Chiricahua, AZ 2010

At the end of December of 2010, I found myself exploring Southern Arizona. There in the southeastern corner was the beautiful Chiricahua National Monument.

Arizona Map of the Parks, (public domain)

Chiricahua’s hallmark is the enormous collection of weirdly-shaped rock pinnacles that fill the higher regions of the park, the remnants of a huge volcanic eruption about 25 million years ago. This thick, white-hot ash spewed forth from the nearby Turkey Creek Caldera, cooled and hardened into rhyolitic tuff, laying down almost 610 m of highly siliceous, dark volcanic ash and pumice. The volcanic material eventually eroded into the natural rock formations of the present monument.

A look across the valley from the visitor’s center at Chiricahua National Monument

Winter here at Chiricahua was relatively temperate, with the low 60s and about 30 cm of snow on the ground, (pictured above and below).

Chiricahua Mountains during December of 2010

Pictured above, the Chiricahua Mountains were part of a traditional homeland of the Chiricahua Band of the Apache Indian nation. The Chiricahuans had numerous clashes with settlers and travelers during the 19th century, many resulting from the “white man’s” violation of previously negotiated treaties governing land use. The Apache leaders Cochise and Geronimo were members of the Chiricahua Band who were famed, and feared, in their day. Territory of the monument was used as a safe-haven by the Chiricahuans until the cessation of hostilities.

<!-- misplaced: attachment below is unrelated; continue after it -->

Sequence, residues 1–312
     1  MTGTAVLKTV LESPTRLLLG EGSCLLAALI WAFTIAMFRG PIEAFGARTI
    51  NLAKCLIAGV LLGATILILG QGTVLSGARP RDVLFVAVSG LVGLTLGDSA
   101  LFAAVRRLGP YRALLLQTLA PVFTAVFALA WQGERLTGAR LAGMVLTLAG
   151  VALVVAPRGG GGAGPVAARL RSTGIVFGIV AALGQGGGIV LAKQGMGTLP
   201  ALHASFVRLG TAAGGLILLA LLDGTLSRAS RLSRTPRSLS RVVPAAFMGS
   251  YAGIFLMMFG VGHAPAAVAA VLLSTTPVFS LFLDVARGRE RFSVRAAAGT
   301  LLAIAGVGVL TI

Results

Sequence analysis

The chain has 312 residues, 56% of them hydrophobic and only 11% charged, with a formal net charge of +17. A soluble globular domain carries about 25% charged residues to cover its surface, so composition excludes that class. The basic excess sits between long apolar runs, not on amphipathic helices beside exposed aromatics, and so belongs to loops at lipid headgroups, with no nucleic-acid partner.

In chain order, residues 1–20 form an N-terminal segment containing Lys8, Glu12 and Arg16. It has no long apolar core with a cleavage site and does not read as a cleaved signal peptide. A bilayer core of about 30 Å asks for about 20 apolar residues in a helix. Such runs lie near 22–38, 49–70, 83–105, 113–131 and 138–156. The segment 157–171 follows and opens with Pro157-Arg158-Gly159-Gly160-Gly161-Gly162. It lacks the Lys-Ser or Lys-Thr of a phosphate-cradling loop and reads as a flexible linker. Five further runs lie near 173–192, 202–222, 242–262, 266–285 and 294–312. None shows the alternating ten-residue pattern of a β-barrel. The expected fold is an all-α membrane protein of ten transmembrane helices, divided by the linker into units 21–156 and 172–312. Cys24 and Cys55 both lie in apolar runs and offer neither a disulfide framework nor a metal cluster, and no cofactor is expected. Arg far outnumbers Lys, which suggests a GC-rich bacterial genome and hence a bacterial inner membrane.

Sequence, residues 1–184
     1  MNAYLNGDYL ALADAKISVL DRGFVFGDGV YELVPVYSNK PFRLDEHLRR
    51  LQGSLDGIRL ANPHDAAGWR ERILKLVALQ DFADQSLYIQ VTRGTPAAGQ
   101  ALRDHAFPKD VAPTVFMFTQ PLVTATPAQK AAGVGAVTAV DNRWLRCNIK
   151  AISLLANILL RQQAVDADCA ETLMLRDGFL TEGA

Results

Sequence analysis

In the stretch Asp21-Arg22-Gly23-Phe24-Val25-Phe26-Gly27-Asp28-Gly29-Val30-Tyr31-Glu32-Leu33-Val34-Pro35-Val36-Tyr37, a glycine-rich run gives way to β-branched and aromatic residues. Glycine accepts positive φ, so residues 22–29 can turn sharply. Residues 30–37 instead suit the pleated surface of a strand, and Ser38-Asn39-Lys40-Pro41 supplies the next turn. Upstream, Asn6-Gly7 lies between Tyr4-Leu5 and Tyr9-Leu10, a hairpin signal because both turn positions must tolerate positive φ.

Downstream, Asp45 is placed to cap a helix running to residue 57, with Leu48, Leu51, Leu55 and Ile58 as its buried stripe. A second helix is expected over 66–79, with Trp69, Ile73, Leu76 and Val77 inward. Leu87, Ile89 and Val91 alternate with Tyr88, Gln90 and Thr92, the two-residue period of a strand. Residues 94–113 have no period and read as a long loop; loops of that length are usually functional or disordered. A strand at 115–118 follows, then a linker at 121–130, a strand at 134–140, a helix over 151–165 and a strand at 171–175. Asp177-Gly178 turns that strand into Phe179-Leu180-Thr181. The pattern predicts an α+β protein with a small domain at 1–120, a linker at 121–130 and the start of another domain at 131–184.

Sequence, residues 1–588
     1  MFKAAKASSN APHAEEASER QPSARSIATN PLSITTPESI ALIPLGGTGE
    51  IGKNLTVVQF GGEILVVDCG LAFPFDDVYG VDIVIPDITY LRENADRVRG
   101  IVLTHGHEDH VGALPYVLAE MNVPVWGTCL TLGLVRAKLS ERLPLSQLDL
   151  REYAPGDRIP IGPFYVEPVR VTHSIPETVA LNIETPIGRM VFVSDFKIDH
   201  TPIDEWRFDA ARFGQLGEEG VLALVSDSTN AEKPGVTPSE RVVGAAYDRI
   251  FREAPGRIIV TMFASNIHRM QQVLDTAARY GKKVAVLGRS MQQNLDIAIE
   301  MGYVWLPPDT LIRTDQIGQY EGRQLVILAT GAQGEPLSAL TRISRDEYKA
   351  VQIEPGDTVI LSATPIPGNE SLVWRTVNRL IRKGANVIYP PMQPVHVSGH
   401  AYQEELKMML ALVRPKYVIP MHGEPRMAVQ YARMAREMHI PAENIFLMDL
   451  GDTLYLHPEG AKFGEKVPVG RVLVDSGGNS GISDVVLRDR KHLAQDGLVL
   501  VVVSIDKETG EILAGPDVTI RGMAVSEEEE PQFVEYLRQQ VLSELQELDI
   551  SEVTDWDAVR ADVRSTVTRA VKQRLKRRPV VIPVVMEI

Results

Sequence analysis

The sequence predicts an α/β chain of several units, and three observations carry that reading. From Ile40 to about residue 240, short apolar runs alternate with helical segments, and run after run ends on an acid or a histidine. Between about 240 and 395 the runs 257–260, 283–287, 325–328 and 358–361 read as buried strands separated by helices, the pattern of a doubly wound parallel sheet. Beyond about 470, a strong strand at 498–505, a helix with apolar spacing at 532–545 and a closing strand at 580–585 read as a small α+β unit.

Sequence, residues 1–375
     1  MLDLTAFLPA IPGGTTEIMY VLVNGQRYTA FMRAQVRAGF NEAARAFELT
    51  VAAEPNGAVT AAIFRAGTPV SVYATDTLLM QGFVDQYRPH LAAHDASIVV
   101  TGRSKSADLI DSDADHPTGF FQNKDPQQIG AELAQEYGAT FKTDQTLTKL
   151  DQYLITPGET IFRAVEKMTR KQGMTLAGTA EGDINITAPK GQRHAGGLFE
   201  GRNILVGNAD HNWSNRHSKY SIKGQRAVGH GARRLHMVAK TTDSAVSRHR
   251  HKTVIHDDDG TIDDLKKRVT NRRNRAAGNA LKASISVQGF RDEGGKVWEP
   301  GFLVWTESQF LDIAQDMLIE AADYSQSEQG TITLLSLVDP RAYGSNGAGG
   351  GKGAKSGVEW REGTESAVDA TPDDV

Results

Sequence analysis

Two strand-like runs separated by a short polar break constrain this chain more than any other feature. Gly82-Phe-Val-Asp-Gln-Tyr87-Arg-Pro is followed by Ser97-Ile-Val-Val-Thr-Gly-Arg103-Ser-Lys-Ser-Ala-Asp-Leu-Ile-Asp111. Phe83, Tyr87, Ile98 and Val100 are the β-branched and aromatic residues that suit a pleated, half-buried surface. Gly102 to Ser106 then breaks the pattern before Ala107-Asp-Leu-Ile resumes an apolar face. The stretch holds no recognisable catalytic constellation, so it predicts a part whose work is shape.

Echo Canyon within the Chiricahua National Monument during Winter

Swedish immigrants Neil and Emma Erickson settled in Bonita Canyon, in the lower reaches of the monument, in the 1880s, and operated the “Faraway Ranch” on what is now monument property.

A look at some of the Pinnacles in Chiricahua NM

Hiking the big loop (an assemblage of several shorter trails) can be a day-long adventure, and it gave me access to the Heart of Rocks: a garden of naturally sculpted statues and shapes.

Chiricahua National Monument

My journey through the monument’s wooded canyons, sheer-walled corridors, and mind-blowing formations thrilled the child within me.

Winter time in the Chiricahua National Monument

Heart of Rocks Loop (strenuous) connected me with Big Balanced Rock (pictured below), Mushroom Rock, and a playground of fanciful formations.

“Big Balanced Rock” within the Chiricahua National Monument in December of 2010

The rock pinnacles were particularly beautiful when dressed in snow. Chiricahua National Monument hiking may not be ideal under snowy conditions but the snow kept people away so I almost had the trail to myself. 

Chiricahua National Monument in the Winter time.

There was about three inches of snow by the time I got to Balanced Rock – with no sign of letting up – and a cold wind so I turned around there. It was a very beautiful hike with a moderate amount of elevation gain.

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